shoulders and falls Ja the waist. Under
the poncho is an embroidered vest, and
the suit is completed by pantaloons that
icach half way down the calf and are
lit up to the knees at the back. Many
of the Indian men are barefooted, and
many wear sole-leather sandals tied on
with strings. The most of them have on
llttlo jfclt hats with round crowns, and
under them knit flaps that cover the ears
and fall to the shoulders!
The women also weiir hats of much tho
same shape, and some of them are bare
headed. All are barefooted. They wear
guy blankots pinned around fholr shoul
der, iovering a white waist or vest. They
have very full skirts o'f red, yellow, pink,
green ' or blue. Everything la of the
gaudiest nature, and the cheap dyes ut
Germany have aided In making the 'iue
and tints swear at one another.
Half ShhI1i mid Indian.
Mixed with the Indians arc the Choios
Busiest Day in the
a s
and Cholas and the Cholltos. The Cho
los are the women, and Cholltos Is a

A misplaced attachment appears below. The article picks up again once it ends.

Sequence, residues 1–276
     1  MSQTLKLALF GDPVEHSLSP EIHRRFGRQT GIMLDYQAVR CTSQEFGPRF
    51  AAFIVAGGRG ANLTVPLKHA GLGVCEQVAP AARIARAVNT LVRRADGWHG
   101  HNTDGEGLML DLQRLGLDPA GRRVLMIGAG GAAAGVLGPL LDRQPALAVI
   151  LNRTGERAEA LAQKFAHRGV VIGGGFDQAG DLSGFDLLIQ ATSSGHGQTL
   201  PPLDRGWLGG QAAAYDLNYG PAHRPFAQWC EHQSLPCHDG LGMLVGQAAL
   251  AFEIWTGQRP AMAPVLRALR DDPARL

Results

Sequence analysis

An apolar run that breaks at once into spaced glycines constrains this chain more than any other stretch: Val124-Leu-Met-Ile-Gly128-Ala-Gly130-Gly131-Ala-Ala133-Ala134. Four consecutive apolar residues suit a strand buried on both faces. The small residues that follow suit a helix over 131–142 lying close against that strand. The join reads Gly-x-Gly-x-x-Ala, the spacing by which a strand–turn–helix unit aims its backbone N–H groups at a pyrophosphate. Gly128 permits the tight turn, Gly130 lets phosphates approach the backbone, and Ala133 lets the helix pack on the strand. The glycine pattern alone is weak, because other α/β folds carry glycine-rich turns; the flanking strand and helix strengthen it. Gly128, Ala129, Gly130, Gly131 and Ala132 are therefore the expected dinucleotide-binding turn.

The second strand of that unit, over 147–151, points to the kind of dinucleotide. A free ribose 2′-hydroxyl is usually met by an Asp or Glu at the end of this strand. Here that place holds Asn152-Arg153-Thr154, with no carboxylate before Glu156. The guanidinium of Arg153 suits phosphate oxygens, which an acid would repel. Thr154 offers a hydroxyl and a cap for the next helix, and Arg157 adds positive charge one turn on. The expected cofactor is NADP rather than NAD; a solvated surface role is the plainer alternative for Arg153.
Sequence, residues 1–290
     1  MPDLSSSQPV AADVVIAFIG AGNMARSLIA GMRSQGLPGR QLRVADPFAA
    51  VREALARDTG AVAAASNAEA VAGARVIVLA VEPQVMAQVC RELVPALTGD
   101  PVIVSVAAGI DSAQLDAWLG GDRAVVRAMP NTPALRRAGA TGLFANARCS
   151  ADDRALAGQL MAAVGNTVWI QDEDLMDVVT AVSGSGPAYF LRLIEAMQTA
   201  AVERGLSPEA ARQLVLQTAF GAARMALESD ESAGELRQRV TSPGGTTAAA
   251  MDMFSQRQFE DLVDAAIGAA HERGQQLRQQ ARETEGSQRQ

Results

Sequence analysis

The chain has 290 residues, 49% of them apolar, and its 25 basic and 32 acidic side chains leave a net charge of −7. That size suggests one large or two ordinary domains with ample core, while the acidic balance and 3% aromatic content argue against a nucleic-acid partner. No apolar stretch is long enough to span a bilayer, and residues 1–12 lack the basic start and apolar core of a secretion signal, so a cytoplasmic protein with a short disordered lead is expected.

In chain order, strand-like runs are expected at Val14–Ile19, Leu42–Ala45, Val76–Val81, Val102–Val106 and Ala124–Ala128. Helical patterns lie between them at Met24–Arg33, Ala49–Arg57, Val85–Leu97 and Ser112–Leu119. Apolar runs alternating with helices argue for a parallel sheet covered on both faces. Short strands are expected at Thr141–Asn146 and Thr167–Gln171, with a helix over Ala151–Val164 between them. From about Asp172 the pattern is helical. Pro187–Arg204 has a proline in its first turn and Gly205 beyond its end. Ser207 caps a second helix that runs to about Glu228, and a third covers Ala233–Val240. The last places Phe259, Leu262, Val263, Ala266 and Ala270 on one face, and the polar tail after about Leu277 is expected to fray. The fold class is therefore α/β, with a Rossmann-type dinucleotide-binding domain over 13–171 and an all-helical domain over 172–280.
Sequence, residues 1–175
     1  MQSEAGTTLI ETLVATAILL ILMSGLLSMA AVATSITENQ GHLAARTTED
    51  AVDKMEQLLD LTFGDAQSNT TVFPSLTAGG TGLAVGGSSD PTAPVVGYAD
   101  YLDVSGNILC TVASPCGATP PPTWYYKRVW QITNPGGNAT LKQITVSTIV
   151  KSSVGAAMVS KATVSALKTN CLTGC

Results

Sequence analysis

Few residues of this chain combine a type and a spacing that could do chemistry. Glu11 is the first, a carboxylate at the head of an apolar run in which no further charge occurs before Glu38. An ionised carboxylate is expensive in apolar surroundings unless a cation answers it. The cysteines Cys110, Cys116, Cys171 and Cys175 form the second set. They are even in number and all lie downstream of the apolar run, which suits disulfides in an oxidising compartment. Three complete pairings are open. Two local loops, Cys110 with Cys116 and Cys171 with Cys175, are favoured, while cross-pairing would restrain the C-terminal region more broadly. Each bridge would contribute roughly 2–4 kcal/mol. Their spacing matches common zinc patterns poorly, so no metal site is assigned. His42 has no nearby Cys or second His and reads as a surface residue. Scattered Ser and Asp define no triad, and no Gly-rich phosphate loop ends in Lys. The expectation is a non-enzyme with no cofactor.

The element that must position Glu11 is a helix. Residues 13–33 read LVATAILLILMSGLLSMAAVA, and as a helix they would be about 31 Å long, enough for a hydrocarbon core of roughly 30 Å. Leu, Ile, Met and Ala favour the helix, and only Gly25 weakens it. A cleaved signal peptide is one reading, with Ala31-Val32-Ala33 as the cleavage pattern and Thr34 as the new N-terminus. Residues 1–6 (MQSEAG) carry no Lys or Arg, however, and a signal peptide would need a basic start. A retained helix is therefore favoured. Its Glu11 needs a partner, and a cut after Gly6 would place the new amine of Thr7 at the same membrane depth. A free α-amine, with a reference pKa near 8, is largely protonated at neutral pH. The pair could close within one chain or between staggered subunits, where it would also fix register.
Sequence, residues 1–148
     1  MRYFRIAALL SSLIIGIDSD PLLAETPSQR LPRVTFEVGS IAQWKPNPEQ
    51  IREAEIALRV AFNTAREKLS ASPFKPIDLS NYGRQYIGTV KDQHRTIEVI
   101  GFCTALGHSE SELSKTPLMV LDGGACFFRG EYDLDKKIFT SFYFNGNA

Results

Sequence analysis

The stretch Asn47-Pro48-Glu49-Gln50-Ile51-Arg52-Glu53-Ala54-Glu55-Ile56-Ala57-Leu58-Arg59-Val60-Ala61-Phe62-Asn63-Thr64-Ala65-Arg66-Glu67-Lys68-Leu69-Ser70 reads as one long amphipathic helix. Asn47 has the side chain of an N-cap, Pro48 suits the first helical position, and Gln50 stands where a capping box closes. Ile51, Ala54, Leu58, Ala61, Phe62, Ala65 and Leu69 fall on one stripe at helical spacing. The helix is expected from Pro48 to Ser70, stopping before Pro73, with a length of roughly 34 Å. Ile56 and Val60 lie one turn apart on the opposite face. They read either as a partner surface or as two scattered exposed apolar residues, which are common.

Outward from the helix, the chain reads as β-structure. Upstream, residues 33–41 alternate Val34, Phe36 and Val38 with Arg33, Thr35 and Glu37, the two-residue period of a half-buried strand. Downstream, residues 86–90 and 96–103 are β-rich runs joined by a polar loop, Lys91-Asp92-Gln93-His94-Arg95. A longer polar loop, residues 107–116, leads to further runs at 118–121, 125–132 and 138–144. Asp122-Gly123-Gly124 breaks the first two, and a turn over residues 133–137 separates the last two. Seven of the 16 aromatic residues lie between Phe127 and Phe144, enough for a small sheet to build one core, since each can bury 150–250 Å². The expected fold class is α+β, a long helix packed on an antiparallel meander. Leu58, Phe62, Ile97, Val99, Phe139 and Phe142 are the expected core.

semi-affectionate term for the girls, Tho
cholos are the mixed breed made by the
crossing of the Spaniard and the Indian.
The Cholo men dress much as we do, but
tho women and girls have the same vos-
tumo they have had for a generation or '
more. They delight ln delicate colors, nnd
seem to have robbed the gorgeous Andean
sunsets for the tints of their shawls und
dresses. They have skirts of rose-red
and sky-blue. Hundreds of them wear
skirts of sky-green, and not a few have
short dresses as red aB the sun as its set
ting. They have shawls of tho finest of
silk of the most delicate hues, nnd thefe
aro bo draped that they stand out over
the skirts, which aro propped out with
hoops. Tlie skirts themselves reach only
to the ripe curve of the calf, whoso
plumpness Is brought out by the high
shoes of white, cream or blue kid that
form tho fashionable footgear. Tho Cholu
shoes have very high heels. They nro
buttoned high up, but arc always 'tied nt
the lop by a cord with a tassel that
hangs half way to tho ankle.
The girls have white straw hats with